I should let you know. I moved to a small village. It's called Fatumu and it rocks.
Sundays in Tongan culture are a day full of lotu, kai, mohe and eva pe. (church, food, sleep and walking around). Not a single shop is open. Like my host mom Una says, “it is a day of Thanksgiving.” Tongans eat like it’s Thanksgiving, too. Every Sunday. I think I can get use to this.
Before I tell you more about Sunday, I should probably fill you in on the last few days. On Saturday all of the Peace Corps Trainees hopped into a Peace Corps van to head to our homestays. For the next 2 months we will be living and learning in tiny villages located on the eastern part of Tongatapu.
I moved to a little village called Fatumu. I, along with my friends Alissa and Mark (a totally awesome married couple that are also PCTs), can now call Fatumu our home. Fatumu consists of 4 churches, 5 falekoloas (shops), and 2 roads. Mark and Alissa and I live about 3 minutes apart from each other. If you are standing anywhere in the village you can usually hear the crashing of the waves on the beach. That is how close we are to the Pacific Ocean.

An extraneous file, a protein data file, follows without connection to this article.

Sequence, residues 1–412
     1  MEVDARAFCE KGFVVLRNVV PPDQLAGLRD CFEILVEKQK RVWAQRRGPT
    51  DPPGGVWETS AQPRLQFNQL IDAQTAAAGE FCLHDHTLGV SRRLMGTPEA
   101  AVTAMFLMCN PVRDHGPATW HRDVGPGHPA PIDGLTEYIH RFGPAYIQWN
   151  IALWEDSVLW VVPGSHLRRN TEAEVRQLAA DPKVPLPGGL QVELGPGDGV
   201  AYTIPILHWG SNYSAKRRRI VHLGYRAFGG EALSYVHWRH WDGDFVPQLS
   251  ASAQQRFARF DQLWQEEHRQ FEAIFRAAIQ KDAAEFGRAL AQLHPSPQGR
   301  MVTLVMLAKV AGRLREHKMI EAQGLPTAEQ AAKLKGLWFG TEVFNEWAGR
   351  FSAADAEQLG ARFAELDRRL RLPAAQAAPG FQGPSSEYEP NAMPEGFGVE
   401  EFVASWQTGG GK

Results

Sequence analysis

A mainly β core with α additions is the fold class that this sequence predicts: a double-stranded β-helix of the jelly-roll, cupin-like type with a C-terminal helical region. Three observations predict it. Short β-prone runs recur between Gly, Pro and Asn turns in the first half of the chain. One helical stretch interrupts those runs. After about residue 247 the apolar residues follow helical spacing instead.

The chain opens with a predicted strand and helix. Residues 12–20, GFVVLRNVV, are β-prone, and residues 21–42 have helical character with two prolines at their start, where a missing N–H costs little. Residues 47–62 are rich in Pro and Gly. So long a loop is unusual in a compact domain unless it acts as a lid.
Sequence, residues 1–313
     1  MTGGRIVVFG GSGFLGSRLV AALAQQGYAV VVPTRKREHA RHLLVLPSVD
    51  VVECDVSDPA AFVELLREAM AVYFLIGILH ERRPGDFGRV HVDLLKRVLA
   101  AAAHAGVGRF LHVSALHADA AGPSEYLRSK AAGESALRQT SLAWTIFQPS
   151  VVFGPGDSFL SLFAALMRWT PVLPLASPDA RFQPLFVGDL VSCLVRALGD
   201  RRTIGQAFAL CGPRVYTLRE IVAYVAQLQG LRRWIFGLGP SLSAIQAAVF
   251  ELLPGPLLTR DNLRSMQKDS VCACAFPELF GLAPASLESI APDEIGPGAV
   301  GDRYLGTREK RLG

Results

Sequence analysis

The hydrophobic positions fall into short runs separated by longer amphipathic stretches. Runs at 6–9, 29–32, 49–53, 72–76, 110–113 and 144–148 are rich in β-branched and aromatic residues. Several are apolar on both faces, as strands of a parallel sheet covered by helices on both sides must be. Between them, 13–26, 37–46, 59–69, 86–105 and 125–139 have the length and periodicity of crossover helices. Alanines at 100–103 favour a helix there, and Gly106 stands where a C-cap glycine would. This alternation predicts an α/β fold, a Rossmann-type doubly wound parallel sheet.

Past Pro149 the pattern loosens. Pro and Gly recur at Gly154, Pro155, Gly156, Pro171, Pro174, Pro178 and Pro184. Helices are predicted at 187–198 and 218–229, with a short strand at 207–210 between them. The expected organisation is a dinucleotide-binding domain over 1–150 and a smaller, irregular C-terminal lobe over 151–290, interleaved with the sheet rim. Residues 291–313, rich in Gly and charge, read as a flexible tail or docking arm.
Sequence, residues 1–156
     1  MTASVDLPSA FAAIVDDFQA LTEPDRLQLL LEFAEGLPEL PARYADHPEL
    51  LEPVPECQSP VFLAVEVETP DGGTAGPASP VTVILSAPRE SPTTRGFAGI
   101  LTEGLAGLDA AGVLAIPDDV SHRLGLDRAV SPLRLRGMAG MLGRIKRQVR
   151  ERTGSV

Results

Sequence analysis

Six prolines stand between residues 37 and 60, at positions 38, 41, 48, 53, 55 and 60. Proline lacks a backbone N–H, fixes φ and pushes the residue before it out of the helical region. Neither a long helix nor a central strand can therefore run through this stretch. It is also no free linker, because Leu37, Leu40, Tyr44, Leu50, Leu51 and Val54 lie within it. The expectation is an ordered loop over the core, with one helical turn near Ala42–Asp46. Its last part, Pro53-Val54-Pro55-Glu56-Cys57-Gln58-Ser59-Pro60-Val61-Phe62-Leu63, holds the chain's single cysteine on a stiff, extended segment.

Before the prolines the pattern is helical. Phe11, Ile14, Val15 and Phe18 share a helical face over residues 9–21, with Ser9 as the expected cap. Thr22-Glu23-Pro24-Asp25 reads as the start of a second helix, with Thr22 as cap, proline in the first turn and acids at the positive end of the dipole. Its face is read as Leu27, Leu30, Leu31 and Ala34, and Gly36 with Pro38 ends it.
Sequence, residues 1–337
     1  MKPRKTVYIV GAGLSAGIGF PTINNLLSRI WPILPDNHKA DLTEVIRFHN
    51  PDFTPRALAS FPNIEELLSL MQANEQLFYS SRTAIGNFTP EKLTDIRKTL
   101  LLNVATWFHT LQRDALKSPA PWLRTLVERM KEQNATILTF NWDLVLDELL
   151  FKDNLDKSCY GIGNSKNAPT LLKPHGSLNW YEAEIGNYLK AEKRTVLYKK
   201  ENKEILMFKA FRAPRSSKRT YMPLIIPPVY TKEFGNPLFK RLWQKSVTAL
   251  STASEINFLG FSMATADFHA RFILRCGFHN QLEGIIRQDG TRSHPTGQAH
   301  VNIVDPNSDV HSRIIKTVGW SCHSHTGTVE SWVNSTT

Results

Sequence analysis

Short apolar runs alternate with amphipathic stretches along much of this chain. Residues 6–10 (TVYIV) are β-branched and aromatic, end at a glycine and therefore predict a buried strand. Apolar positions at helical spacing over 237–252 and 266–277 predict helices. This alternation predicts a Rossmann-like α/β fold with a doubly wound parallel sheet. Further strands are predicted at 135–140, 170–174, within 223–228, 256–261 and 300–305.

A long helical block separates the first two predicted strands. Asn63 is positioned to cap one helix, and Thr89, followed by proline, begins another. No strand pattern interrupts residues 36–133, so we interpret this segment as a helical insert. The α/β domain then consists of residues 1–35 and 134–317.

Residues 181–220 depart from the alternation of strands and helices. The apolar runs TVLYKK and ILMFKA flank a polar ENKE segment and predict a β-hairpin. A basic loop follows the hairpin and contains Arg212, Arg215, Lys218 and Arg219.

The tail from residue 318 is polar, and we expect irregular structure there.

If you are staying in Fatumu you will always wake up to the sound of one (or more) of the following:
1) Roosters – Somewhere in my life I learned that the rooster only crows once a day – alerting you that it’s time to get up. Let me tell you something: fairy tale books? The authors of all of them are a bunch of liars. This is just not true. They keep cockadoodleedoing all morning long. All morning long.
2) Puaka (pigs) – This is my favorite way to get woken up. The snorting of the pig outside of your window. They make such funny noises.
3) Kuli (dogs) – This is my least favorite way to wake up. The dogs sound like they are killing each other. There is so much barking, yipping and crying.
4) Church bells – Monday, Wednesday, Friday, and Sunday the bells to one (or all) of the churches in town alert you to the new day. My bedroom window is about 20 feet away from the nearest church. Ringa-ding-dong.
Many of the men in the village work in the bush. Some women work in town (at the falekoloas) or at home, while others take the bus to Nuku’alofa.
My host mother’s name is Una. She is a 21-year-old (yep, you read that right her adopted daughter – me, is a whopping 7 years older) and has lived in Fatumu her entire life. She lives with her grandparents, half brother and a little girl named Sala (still trying to figure out how she’s related).
After church we all came back to the house and ate food cooked in the ‘umu (underground oven). We had loo – meat, onions and coconut crème baked in taro leaves and then wrapped in banana leaves. We roasted a pig, ate sweet potatoes and finished with Tongan ice cream (papaya cooked in coconut crème). It was delicious.